Spooky stuff for Halloween

All Hallow’s Eve is coming up and if you’re in the mood for some ghostly good times, have we got the books, movies and info for you!

For Kids

We’ve got some great Halloween-themed books for kids. You might want to try –

We’ve also got this handy Halloween guide with a little bit of history, Halloween crafts and costumes, and safety tips, like this video from New Zealand Police.

For Adults and Teens

If you prefer things a little darker, we’ve got that covered too.

Movies

  • Frightening Flicks – My choice of the best horror movies from our library catalogue. With gore rating, so you can pick the level of fake blood you’re comfortable with.

Award-winning horror

Maybe try some horrific winners?

  • Cover of A head full of ghostsBram Stoker Awards – Named after the author of Dracula, and run by the Horror Writers Association.
  • Sir Julius Vogel Awards – Named after a former New Zealand Prime Minister/science fiction novelist, the awards “recognise excellence in science fiction, fantasy, or horror works created by New Zealanders and New Zealand residents”.

Halloween events in Christchurch

Halloween Party preparation

Cover of The Hummingbird Bakery Halloween and bonfire night bakesOr if you’re planning your own shindig, you’re going to need –

So that’s plenty of Halloween-y stuff to consume, just make sure you return it on time (or we’ll own your immortal soul, as per our library membership conditions*).

Not a library member yet? Join uuuuussssss

*Not really.

Locked and loaded for the Zombie Apocalypse

Cover of Zombie SurvivalIt’s Zombie Awareness Month. Do you know where your cricket bat/lawnmower/blunt object of choice is?

No, but seriously, it IS zombie awareness month. What’s more, it’s nearly over and I haven’t even revised my evacuation plan or topped up the first aid kit in case of the Zombie Apocalypse. I deserve to get my brains munched, frankly.

But fear not! For your library is practically overflowing with zombie-related reading and viewing. So here are my picks of the best of the shambling undead.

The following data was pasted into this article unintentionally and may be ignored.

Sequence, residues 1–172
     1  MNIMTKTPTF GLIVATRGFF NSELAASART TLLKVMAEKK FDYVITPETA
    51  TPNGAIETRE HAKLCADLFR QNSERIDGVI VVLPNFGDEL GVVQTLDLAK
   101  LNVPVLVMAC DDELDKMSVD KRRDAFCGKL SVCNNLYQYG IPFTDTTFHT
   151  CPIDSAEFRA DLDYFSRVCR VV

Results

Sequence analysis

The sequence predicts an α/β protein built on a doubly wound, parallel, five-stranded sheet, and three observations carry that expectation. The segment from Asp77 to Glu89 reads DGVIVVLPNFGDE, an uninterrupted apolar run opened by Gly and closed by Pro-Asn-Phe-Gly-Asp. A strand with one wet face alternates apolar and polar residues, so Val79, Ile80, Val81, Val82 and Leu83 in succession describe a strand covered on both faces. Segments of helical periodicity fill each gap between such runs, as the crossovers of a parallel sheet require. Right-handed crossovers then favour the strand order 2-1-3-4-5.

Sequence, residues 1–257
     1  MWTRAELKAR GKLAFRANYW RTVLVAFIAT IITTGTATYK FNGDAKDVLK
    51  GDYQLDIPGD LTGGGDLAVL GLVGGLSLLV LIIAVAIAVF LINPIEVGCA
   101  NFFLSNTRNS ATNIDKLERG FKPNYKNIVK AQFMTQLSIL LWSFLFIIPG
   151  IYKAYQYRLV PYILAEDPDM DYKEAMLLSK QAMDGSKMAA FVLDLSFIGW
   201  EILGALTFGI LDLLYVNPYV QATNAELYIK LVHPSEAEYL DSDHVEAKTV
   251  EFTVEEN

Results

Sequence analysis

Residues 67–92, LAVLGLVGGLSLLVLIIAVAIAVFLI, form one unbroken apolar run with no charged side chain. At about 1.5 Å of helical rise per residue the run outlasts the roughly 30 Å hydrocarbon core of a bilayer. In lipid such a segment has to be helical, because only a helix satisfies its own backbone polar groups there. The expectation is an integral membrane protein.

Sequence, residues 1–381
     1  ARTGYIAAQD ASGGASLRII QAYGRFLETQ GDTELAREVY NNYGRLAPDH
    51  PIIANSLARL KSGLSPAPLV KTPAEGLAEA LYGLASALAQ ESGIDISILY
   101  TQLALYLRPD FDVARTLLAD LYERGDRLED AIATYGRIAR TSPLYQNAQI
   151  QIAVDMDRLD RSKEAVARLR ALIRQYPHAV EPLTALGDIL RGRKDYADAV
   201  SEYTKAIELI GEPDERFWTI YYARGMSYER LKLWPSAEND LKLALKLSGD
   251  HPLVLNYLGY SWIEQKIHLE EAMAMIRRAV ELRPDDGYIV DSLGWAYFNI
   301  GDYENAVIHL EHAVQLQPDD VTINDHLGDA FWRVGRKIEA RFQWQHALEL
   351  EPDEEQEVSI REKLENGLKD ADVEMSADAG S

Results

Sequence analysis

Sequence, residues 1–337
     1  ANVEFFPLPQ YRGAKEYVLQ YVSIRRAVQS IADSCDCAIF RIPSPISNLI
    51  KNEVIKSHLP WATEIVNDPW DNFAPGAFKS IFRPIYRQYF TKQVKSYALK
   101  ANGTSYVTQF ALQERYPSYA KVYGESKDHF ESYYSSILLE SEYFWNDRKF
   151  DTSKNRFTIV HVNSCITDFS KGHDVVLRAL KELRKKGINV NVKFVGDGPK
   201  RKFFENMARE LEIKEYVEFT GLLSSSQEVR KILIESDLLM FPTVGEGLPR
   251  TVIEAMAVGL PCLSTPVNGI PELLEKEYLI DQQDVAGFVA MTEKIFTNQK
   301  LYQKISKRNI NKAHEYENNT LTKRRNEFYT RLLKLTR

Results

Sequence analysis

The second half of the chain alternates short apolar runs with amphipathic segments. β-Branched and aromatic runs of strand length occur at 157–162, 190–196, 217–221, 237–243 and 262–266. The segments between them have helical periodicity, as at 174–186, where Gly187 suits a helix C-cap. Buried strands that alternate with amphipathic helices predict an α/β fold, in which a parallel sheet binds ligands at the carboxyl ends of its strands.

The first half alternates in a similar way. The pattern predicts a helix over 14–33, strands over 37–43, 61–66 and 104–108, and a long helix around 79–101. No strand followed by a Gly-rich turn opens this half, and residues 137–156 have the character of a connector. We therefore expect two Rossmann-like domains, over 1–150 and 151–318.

Watch

Better check out some fight sequences and bone up on your best zombie combat moves –

  • The Walking Dead – We’re between seasons with everyone’s favourite zombie horror TV series, but why not got back and rewatch the first season before Rick went feral and facial hair took over his face? You know, back when the post-apocalyptic world was a kinder, gentler, better groomed place.
  • Warm BodiesCover of Warm bodies – A zombie as a romantic lead? Seems a bit unlikely but that’s the premise of this film starring Nicholas Hoult of TV show Skins.
  • World War Z – Where the zombies are fast and really good at climbing, the little monkeys. But are they a match for Brad Pitt in “action” mode? Well, they give it a good try at least…
  • I am Legend – Not technically zombies because they’re not dead (much like the ones in World War Z) but if you spend time quibbling about such distinctions during the apocalypse you’ll likely become someone’s afternoon tea, so just enjoy the ride (and make note of Will Smith’s survival skills and strategies).
  • Shaun of the dead (we’ve got this as a double-DVD combo with Hot Fuzz). Just the rom-zom-com to lighten the mood a touch.

Read

Board up the windows and hunker down with some reading material –

Make

No actual zombies around just at the moment? Make your own with the following crafty titles –

I think you’ll agree that’s plenty to be getting on with, but if you’ve got an hot tips for zombie reading or preparedness please do make suggestions.

A Zombie You Can Take Home to Your Parents

I learnt of a new genre this week and fell in love with a zombie for the second time. Zom-Rom-Com is a romantic comedy featuring a zombie as a leading romantic lead.

He’s cute, endearing and with a droll and funny sense of humour. He’s ‘R’ and he’s the zombie hero of Warm Bodies, a great Young Adult book by Isaac Marion that I really enjoyed last year, and is now a great new movie out in the theaters at present.

We have all got used to the lovable if troubled vampire, via the  True Blood television series, the books it was based on by Charlene Harris, and of course the Twilight series by Stephanie Meyer that spurned a generation of movie vampire heart throbs.

But Zombies? They eat people, and they’re dead, so where’s the appeal? R doesn’t remember his past, just a shuffling existence around a deserted airport terminal in a post apocalyptic world. The remaining humans who have been spared the virus that has turned most of the world to zombies are holed up in a fortress and when R meets Julie, the daughter of leader of the human resistance, something sparks his humanity and he spares her, and becomes determined to save her and in the process saves himself.